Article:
Most people will set their barrels on cinder blocks or have custom metal rigs made to get the perfect air flow and clearance. But we feel like the real solution is staring us all in the face, use the Dakota Fire Hole method to create a focused blaze that pulls air in and forces flames up!

I'm sure you know the basics of a dakota fire hole, but we can briefly recap for those that might still be staring at the screen with questions. 

If you can, you'll want to put this hole on the edge of a steep hill, you'll see why soon.

The basis of how this trick works is to dig a hole, in this case you'll want to make it roughly 4 inches smaller in circumference than the barrel,​ and you'll dig about 1 ft. down to make a cylinder shaped hole. Now the next part is a bit tricky. You'll then dig a hole roughly 2 feet away from the larger hole, this hole will go down and then connect with the larger hole. This is why you want to dig this on a hill if possible. 

image source: graywolfsurvival.com

And there you have it, a dakota fire hole! This method force feeds the fire into a roaring fire, by forcing the airflow in through the hole and the only place the heat has to go is straight up the burn barrel.

2. Poke holes in your barrel (make it fun)

This is either where the hand drill or hand gun will come in very handy! Either way you do it you need to make sure that the holes are spaced out and follow a pattern similar to the one below. 

image source: explorerphoto.com

These holes allow more air to fan the flames and build the heat. If you're using the dakota fire hole method this might be a little over kill, but it's up to you, maybe you just want to shoot something. Either way, there you have it!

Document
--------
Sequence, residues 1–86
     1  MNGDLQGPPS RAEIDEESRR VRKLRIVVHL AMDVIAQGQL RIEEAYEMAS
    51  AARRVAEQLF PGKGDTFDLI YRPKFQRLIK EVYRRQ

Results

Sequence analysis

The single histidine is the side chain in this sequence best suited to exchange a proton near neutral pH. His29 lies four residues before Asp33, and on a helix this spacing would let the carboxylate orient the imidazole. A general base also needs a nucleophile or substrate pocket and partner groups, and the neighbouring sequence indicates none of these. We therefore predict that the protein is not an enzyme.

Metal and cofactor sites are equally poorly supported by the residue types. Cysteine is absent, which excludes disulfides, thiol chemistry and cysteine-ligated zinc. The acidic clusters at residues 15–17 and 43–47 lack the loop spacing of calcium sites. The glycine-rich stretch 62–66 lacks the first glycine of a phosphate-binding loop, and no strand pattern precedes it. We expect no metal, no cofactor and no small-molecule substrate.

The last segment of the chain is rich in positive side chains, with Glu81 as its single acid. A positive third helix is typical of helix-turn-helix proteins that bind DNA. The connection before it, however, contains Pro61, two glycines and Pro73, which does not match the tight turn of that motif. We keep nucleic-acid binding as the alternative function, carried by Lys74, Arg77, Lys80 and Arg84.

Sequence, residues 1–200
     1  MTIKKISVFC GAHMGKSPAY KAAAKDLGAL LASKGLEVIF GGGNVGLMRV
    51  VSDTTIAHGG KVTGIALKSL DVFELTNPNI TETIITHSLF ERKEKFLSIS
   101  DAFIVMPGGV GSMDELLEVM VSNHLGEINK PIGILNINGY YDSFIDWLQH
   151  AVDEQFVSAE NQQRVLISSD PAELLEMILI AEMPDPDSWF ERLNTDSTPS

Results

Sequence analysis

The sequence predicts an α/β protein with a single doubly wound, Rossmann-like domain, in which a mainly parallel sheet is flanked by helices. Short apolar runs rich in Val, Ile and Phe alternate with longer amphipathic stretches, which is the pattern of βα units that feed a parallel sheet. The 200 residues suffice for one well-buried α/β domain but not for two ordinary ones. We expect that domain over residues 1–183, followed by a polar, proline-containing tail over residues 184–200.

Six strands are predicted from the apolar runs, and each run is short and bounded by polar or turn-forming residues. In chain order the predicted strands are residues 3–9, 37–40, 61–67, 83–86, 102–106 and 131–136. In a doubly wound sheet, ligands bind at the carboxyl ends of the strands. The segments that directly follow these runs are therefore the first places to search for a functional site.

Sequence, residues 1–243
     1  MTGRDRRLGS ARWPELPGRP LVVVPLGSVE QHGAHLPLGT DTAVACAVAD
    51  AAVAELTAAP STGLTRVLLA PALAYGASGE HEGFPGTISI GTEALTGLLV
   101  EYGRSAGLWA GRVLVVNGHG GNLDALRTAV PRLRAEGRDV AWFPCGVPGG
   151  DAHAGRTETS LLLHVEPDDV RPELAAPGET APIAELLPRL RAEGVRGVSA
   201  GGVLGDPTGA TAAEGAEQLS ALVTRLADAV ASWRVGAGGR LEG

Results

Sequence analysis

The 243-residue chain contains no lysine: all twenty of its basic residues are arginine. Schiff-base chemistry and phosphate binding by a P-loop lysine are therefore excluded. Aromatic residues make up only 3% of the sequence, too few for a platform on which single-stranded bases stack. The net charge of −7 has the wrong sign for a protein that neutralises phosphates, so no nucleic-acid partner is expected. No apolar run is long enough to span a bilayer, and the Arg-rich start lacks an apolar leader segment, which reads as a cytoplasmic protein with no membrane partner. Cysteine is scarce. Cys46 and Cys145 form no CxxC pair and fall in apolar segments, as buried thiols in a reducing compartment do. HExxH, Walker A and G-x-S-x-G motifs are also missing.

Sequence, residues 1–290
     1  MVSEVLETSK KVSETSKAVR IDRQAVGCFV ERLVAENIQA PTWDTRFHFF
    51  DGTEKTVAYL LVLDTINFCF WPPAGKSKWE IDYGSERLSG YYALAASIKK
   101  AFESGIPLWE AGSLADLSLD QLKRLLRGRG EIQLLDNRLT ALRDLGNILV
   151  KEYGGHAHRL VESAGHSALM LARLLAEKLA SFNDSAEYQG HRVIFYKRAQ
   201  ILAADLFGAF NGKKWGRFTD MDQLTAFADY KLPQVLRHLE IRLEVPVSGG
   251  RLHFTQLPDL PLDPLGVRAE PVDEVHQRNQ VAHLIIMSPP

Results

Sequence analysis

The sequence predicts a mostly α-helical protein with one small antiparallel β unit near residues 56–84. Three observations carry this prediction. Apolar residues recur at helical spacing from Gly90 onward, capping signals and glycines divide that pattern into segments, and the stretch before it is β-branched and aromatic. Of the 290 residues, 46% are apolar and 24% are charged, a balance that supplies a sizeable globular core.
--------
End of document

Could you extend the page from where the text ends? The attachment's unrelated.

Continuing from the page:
3. Prepare your bottom

Bottom of the barrel that is...

Again if you're using the dakota fire hole technique, this is for you, if you're not then you'll need to put the barrel up on cinder blocks with ventilation underneath it, but keep the bottom with holes. However, if you're doing it the fun way with the fire hole, you'll need make some alterations that will make life easier once you're done. LESS CLEAN UP IS BEST!

And to make for less clean up you want the ash and smolders to fall out of the bottom into the fire hole. So to make that possible you'll need to take the bottom out of the barrel however you see fit to do so. Next, if you have a heavy duty grate or pipes that won't melt above the heat, you'll lay those down over the hole.

You might need to dig the pipes into the ground to prevent the barrel from rolling 😉

This way the trash is burned up and the ashes can fall out of the barrel, meaning less corrosion, longer lasting barrels, and most importantly there's no clean up!​

4. Light it up!!!

This is the moment you've been waiting for, time to light this sucker up!

Load the dried wood/newspaper in the bottom of the hole or barrel, stack some dense wood on top (american beech, apple, or iron wood)​, strike the match and let it burn!

Place the trash on top and there you have it folks, in a few minutes your trash that took up a whole trash bag will be reduced to around a pound of ashes. And God is good.​

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About the author

Cory Thomas

Chief editor here at Survive The Wild, I'm a proud husband and father passionate about survival and preparedness that doesn't involve dependence on anyone but myself!